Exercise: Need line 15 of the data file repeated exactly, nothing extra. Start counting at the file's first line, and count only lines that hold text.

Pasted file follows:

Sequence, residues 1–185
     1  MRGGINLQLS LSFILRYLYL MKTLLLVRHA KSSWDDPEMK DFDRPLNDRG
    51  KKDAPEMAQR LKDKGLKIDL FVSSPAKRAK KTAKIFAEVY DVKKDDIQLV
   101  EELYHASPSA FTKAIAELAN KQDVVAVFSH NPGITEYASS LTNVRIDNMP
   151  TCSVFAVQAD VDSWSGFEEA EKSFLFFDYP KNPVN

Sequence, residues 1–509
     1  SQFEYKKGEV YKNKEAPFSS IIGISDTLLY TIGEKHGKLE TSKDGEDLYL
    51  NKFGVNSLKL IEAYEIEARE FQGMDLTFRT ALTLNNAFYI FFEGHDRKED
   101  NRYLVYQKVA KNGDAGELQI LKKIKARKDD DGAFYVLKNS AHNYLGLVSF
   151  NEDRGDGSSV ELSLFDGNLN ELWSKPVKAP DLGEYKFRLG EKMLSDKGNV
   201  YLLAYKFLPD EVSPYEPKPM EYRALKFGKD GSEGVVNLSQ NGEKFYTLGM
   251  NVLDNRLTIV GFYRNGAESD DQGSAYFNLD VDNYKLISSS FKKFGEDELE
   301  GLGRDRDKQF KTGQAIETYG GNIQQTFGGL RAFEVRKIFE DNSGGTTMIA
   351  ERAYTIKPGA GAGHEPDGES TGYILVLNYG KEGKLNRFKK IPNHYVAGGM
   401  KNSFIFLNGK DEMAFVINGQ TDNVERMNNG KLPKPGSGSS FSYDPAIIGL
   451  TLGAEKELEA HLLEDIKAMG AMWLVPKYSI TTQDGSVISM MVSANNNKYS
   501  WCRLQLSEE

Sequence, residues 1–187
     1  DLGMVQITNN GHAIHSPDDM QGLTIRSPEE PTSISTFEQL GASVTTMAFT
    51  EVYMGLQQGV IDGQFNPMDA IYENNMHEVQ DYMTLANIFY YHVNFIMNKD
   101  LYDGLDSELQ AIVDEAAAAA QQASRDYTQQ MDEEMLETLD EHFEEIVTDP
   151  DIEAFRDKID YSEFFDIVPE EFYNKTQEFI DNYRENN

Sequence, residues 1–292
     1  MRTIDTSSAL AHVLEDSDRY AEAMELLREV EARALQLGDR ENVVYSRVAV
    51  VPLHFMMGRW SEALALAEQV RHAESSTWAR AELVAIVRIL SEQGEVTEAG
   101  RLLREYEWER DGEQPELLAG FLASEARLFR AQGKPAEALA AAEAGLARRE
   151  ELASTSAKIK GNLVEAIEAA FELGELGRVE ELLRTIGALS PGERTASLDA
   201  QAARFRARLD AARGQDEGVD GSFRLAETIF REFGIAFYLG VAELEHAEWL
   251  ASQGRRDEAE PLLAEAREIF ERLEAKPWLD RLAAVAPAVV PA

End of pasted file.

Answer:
   401  KNSFIFLNGK DEMAFVINGQ TDNVERMNNG KLPKPGSGSS FSYDPAIIGL